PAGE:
This can happen not only with the emotions but also with the mind. A confession of faith can become a testimony of revival for people who cannot cry at an altar or speak in tongues.

Theology matters. Of course, I still believe in it, otherwise I wouldn’t spend my life linking Christian theology to culture. But if we’ve seen anything in the evangelical collapse of the past five years, it’s that theology is not enough. And left to its own devices, theology can become as much a support for a cultural and politicized Christianity as anything else.

We cannot, as scientist and philosopher Alfred Korzybsky put it on a very different material, confuse the map with the territory, just like we can’t confuse our weather app with what’s really happening outside. Theology is a word about God, which always refers us to the Word who became flesh and dwelt among us.

There is a kind of theology that can shed light on how to worship God and be on mission in the world. But there is another kind of theology that defines itself by winning debates in any current controversy that attempts to separate the Christian wheat from the Christian chaff.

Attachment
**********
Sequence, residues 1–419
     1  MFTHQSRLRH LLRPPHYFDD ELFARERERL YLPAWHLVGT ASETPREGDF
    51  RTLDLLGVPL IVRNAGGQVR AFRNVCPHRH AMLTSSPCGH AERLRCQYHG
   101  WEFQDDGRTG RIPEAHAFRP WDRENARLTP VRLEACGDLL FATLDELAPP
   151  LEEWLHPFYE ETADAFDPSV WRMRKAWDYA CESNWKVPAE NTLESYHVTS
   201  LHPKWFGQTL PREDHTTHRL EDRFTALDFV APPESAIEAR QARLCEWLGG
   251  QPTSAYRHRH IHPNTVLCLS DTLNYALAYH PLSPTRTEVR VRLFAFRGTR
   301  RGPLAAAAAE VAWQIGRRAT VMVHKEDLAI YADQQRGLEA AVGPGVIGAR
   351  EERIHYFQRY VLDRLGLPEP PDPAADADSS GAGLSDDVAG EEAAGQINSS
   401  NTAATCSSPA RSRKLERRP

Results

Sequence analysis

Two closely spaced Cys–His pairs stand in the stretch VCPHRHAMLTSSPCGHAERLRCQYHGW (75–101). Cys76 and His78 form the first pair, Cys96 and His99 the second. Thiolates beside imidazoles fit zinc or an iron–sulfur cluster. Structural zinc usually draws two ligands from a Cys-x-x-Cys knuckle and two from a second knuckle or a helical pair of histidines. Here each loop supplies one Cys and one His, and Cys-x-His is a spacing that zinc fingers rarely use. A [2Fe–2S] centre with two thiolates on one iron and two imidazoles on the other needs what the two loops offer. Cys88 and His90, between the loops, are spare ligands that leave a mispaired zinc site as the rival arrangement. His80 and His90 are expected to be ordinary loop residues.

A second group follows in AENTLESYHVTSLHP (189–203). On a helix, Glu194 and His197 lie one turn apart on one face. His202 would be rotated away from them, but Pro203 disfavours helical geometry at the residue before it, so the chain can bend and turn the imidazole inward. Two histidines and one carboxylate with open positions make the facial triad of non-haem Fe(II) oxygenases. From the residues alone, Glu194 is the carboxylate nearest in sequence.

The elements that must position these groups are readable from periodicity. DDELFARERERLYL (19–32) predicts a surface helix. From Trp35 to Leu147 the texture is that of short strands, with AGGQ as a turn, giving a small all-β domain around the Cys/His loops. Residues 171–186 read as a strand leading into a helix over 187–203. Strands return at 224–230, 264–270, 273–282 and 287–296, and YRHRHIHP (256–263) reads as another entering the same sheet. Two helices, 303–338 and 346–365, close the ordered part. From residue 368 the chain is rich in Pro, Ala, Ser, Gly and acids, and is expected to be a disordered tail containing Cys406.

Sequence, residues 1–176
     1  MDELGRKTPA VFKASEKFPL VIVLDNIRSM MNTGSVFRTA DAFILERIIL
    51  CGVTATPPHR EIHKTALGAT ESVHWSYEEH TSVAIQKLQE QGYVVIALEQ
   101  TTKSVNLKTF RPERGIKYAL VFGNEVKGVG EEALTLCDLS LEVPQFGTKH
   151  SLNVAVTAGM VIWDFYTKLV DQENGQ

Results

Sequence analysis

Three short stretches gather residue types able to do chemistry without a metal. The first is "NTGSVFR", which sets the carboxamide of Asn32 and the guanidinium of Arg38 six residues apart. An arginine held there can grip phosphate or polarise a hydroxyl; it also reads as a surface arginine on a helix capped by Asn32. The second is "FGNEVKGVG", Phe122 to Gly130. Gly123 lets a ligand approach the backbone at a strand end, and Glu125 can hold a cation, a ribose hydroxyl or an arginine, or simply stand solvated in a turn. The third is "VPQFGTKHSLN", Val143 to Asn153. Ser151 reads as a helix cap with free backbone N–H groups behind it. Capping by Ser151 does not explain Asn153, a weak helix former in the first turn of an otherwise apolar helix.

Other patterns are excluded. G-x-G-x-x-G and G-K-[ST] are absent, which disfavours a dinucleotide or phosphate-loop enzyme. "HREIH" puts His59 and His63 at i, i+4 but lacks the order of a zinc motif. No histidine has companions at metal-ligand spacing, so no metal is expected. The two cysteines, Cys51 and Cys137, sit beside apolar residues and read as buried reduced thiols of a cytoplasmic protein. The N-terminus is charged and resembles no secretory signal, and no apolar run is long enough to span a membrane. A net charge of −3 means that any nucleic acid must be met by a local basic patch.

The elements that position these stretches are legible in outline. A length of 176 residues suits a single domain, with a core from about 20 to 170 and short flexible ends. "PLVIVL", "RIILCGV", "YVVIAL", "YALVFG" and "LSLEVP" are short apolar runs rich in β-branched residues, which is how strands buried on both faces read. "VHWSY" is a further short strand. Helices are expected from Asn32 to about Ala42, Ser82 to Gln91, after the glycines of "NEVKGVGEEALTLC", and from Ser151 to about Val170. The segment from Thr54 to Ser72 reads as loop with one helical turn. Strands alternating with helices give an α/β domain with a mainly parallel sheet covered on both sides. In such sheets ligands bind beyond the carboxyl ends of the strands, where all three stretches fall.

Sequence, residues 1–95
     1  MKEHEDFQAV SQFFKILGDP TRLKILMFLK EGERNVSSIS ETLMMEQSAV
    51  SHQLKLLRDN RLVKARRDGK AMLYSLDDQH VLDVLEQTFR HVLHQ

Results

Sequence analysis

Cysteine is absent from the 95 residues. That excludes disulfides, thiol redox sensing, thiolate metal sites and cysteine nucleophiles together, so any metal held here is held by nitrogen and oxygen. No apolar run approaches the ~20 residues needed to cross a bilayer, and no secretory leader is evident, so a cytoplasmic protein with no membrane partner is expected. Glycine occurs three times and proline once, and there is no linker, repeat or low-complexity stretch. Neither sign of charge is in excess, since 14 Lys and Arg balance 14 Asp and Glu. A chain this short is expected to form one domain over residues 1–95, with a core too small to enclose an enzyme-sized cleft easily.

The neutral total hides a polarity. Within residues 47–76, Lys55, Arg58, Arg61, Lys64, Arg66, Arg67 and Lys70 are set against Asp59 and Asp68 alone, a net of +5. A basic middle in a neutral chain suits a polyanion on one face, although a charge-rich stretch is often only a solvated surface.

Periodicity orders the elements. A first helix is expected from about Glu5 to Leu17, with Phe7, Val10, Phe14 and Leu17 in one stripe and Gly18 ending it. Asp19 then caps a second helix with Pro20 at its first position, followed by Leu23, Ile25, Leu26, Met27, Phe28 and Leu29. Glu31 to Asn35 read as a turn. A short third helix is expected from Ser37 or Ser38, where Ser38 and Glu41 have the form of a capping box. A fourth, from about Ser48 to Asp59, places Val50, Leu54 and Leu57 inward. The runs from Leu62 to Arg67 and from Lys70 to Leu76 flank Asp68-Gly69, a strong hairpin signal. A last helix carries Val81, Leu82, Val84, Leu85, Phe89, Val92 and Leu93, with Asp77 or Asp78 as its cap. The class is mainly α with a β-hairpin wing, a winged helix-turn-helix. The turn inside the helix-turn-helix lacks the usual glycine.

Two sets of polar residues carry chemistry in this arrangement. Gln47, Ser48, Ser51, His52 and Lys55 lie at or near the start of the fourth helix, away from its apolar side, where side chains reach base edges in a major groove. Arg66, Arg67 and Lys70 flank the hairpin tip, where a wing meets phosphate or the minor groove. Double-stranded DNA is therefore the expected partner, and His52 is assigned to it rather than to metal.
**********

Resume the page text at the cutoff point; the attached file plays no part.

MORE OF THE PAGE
The theology defined by the Bible sees itself as the map and not the territory. She refuses to give in to the idea that faith is amorphous and without content. God spoke and He spoke in words.

Yet this type of theology will also recognize that God has given us both clarity and mystery, speaking to us as whole people – minds, hearts, consciences, intuitions. The God of the Bible cannot be reduced to a syllogism. But those who try to do so can easily replace a confession of faith with faith itself; ideology for the gospel; a theological tribe for the one holy, catholic and apostolic church; or, worst of all, Christology for Christ Jesus himself.

When Jesus said he was going away, he said to his disciples: “You know the way to where I am going. Thomas said exactly what I would have said, “Lord, we don’t know where you’re going, so how can we know the way? What he wanted was an abstraction, a map.

Jesus said, “I am the way, the truth, and the life. No one comes to the Father except through me” (John 14:4-6). We need truth and life if we want to follow the Way. He never said to us, “Here, memorize this. He simply said, “Come, follow me.

Theology is necessary, but it is not enough. Let’s not confuse the map for the territory.

Russell Moore directs the Public Theology Project at Christianity today.


Comments are closed.